Elephants DC was incepted January 2014 and led the grassroots movement to successfully ban all domestic ivory and rhino horn sales in the State of New Jersey. This work was achieved in direct partnership with advocates around the world and The Humane Society of the United States-Humane Society International. The New Jersey ivory and rhino horn sales ban was also directly supported by Born Free USA; Animal Welfare Institute; iWorry; Wildlife Conservation Society; and many more organizations as well as antique businesses throughout the Garden State.
The wild elephant population is being decimated for ivory trinkets. 100,000 wild elephants were slaughtered between 2010 and 2012. Actress Meryl Streep – a New Jersey native – called the elephant ivory trade one of “horrific cruelty.”
Extremist groups in Africa, such as Janjaweed, Lord’s Resistance Army, and the Al-Qaeda affiliate al-Shabaab threaten American security and are funded by the ivory trade. Ivory has become a conflict resource.
Ms. Samuel said, “Children learn ‘E’ is for ‘Elephant.’ We cannot allow this keystone species, the elephant, to be unnecessary and brutally stolen from the earth to fund the nefarious activities of transnational criminals and terrorists. Belief in the validity of legal ivory trade stems from greed rooted in idolatry.”
The legal ivory market fuels the illegal ivory market. New ivory is tampered with to look old. Thus, illegal ivory hides behind the guise of “antique,” “mammoth,” “bone,” “art,” “trophy,” and even “jewelry” on the marketplace.
“Elephant slaughter directly funds terrorists and transnational criminal syndicates,” Ms. Samuel stated. “Ending commercial ivory trade is a bipartisan choice to save an ancient, beloved, and ecologically essential species from extinction. Ending the ivory trade at home will help shut down the legal and illegal ivory trades in Africa and Asia. Ending the ivory trade will benefit future generations.”
On Feb. 11 President Obama introduced a National Strategy on Combating Wildlife Trafficking. However, Elephants DC contends that this strategy, which calls for a partial sales ban, does not go far enough.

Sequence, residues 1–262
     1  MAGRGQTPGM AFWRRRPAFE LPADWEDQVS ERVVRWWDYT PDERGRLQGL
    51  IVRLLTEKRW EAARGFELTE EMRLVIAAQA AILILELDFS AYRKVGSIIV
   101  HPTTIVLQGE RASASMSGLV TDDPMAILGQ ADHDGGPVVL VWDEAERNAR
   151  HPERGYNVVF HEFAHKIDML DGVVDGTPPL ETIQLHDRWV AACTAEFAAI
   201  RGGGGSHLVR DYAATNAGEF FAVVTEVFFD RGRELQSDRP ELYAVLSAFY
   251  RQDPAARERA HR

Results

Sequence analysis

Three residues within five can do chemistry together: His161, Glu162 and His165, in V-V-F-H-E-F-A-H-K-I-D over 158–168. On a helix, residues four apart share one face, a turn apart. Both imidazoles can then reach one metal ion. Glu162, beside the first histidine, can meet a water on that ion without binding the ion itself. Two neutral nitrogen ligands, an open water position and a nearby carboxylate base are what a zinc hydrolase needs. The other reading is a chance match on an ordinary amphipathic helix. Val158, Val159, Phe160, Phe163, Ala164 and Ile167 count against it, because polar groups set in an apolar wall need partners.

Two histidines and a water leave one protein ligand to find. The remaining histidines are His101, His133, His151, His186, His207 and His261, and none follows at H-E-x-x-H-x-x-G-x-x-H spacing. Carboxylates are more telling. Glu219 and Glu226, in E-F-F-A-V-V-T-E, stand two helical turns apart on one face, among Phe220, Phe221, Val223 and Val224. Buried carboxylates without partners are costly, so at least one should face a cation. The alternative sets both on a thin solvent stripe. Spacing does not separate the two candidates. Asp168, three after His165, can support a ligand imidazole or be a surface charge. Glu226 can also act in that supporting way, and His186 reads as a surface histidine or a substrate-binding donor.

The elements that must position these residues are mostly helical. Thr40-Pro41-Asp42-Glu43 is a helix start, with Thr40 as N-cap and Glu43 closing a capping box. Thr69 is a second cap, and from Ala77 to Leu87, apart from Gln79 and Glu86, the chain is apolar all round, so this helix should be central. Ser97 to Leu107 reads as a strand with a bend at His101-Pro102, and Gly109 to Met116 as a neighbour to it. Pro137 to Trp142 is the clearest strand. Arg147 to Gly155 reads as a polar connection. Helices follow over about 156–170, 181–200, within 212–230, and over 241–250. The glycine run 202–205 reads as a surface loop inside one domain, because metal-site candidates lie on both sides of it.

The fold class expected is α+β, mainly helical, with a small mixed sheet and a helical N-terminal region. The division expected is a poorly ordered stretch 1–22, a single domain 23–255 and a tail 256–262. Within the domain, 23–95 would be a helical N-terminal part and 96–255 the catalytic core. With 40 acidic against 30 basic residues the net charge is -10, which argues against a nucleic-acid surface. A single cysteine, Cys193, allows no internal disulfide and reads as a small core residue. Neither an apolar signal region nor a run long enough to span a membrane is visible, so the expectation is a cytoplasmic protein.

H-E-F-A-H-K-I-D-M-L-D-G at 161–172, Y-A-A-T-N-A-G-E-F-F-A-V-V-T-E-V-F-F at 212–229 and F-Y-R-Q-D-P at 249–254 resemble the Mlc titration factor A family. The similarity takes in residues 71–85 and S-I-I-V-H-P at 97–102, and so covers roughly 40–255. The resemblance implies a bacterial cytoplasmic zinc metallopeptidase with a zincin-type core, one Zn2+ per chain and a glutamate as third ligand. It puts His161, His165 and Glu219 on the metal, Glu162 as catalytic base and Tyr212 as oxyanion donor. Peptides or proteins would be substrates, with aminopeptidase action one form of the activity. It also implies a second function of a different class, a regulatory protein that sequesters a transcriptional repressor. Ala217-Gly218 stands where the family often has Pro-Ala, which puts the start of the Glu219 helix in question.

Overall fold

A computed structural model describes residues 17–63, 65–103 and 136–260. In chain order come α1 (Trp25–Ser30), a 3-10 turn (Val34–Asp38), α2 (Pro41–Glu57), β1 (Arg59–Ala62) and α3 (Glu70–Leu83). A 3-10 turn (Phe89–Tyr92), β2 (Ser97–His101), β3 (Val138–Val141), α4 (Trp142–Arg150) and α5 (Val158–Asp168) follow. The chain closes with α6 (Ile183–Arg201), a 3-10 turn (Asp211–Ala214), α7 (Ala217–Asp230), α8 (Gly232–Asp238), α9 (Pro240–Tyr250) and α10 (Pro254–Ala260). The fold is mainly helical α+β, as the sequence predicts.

“It is the position of Elephants DC, New Jersey lawmakers, and friends around the world that a full commercial ivory sales ban is absolutely necessary to save elephants from extinction,” Ms. Samuel said. “With as few as 300,000 elephants remaining in the wild, we must act now.”
In 2008 the international community temporarily lifted the global ivory ban allowing China to legally trade in stockpile ivory from a handful of African nations, including South Africa. Since then the illegal ivory trade has skyrocketed from San Francisco to Beijing under the guise of legality. It is estimated more than 35,000 wild elephants were poached for their tusks in 2013 including adolescent elephants.
In the United States the call to ban ivory used in musical instruments has been a point of contention, but one of the most famous pianists in the world has expressed his support for elephants.
“There are other materials which can be substituted for piano keys. But magnificent creatures like these can never be replaced. Music must never be used as an excuse to destroy an endangered species,” Billy Joel said. “Music should be a celebration of life – not an instrument of death.”